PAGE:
Producer and camp founder Rick liked to whisper “scope creep” like the ghost of filmmaker past. Honestly the project didn’t set out to be super ambitious, but so many of our team are great filmmakers in their own right and want to make great work. We’re always in it for the art, but on this one we especially wanted to do justice to Nathan’s story. Our main production producer Ethan Senekar went through Prodigy Camp as a teen and is an excellent DP and writer. Hadley Hillel our production designer also went through Prodigy and is a writer/director with a meticulous sense of set design, this was his first time PDing for another director. Hope Alexander our producer/1st AD went through Prodigy and is herself a talented documentarian. All three work as mentors each year at the camp, as well as myself, so we’ve developed a bit of a culture around trying to make whatever films we mentor as great as possible. All that got applied to this. But the truth is it blew way out of proportion, starting with Karen MacDonald at Koerner Camera essentially donating an outrageous camera package to us five days before we started shooting. From there, things escalated quickly.
How did you find directing Nathan? He seems to exude a natural charisma.
You know, the first time I ever saw Nathan in real life he was blowing up a stage like a scene out of a movie. It was like he was performing for an arena, with maybe only fifty people in the audience. So yeah, I trusted he could bring it heat, but the acting required for the second half of the film concerned me. I knew if it was even slightly off-key the whole thing would fall apart, so I asked Nate about having an actor play him. To his credit Nate was open to it, but Max (one of my producers and the director of Prodigy Camp) pushed me to trust Nate. Never have I been happier to be so wrong. Directing Nate was minimal, only when we were sorting through intent (the opening scene on the couch took us a minute to find the right emotion). Besides that, I mostly got out of his way. His instincts as an actor are incredible. Maybe in part from his time in theater and musicals in high school. But I have a big role in mind for him in the film I’m currently writing, so it’s likely not our last collab.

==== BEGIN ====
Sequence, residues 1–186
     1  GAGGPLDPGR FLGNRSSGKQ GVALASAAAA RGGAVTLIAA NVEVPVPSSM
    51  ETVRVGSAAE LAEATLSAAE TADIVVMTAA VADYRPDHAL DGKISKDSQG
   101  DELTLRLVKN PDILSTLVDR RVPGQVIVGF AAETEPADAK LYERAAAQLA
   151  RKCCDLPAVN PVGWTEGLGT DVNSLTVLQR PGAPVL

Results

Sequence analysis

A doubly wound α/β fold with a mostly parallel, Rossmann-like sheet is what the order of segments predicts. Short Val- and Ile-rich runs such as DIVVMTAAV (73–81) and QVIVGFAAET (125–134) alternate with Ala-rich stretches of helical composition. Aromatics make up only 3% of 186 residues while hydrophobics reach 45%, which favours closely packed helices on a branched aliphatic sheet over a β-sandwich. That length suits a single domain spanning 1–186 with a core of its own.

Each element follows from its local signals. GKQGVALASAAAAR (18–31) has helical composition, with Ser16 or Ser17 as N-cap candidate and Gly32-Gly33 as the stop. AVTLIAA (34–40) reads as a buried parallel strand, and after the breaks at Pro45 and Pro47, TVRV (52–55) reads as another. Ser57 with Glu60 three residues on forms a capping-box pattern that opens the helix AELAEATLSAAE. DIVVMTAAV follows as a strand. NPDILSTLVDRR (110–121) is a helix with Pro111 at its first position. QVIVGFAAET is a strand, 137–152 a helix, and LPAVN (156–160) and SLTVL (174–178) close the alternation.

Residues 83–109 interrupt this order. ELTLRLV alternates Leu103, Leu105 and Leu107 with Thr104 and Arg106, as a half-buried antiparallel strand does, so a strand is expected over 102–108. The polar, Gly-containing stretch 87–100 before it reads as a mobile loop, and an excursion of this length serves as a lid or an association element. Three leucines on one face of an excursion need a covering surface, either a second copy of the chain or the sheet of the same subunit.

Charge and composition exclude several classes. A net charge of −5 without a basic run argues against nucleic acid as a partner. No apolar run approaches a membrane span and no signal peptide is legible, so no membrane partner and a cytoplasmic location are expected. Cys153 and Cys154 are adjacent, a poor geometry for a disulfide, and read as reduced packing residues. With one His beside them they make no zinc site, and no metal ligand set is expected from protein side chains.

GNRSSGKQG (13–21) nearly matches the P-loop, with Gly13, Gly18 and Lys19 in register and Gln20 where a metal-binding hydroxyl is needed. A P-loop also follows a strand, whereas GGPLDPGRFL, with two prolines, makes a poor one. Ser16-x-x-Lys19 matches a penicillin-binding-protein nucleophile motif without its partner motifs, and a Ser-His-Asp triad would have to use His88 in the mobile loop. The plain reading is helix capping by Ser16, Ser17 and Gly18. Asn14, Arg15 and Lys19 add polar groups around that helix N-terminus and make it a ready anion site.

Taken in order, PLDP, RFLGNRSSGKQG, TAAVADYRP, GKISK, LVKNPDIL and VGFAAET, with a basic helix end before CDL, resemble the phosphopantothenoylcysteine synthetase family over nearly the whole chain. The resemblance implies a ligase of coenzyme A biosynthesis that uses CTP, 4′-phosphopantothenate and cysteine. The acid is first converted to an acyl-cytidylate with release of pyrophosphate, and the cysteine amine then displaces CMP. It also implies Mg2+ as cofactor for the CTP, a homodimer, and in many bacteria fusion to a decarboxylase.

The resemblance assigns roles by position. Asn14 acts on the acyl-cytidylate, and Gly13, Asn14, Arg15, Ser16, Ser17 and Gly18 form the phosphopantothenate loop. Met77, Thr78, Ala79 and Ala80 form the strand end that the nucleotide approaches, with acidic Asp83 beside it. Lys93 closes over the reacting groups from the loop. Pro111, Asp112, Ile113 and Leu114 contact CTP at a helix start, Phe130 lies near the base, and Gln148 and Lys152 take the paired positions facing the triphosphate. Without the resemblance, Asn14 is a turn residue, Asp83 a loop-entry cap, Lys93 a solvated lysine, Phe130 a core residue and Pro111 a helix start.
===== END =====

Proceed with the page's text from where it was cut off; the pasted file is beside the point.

I wanted to know if, during the most polarised period in modern America, a film could make people drop their armour, their defences, their spears.
There’s a lot of power and emotion in the police scenes both lyrically and visually, which are executed incredibly. What conversations did you have when shooting those to ensure you’d do the subject matter justice?
“TALK LOUDER.” “DO IT AGAIN, LOUDER.” “I SAID LOUDER.” “RESET — LOUDER.” “ONE MORE TIME…..ONLY THIS TIME ACTUALLY LOUDER.” Jokes aside, yes, I asked Shawn who played the cop to do his lines louder, but honestly I didn’t breath a word of direction to Nate for that whole scene. Nathan had that moment in him, and I just got out of his way.
What’s next for you?
Kinda depends. Recently finished a mini-series pilot about the WWII mission that ended Orson Welles’ career. It was years of research but might be a little too big for me to get backing for now. Last year wrote a pilot for a medieval fantasy about an asexual slave painter’s rise to infamy in a world where art is outlawed. It got great responses from execs, but COVID and election exhaustion made an ambitious, and very morally subversive, show hard to get rolling for a first timer. So I’m currently writing a movie about a teenager who finds an ominous VR system while facing life in prison for murder, and the quest for spiritual redemption it leads him on. If the first two don’t find their footing, I’ll circle back after making the third.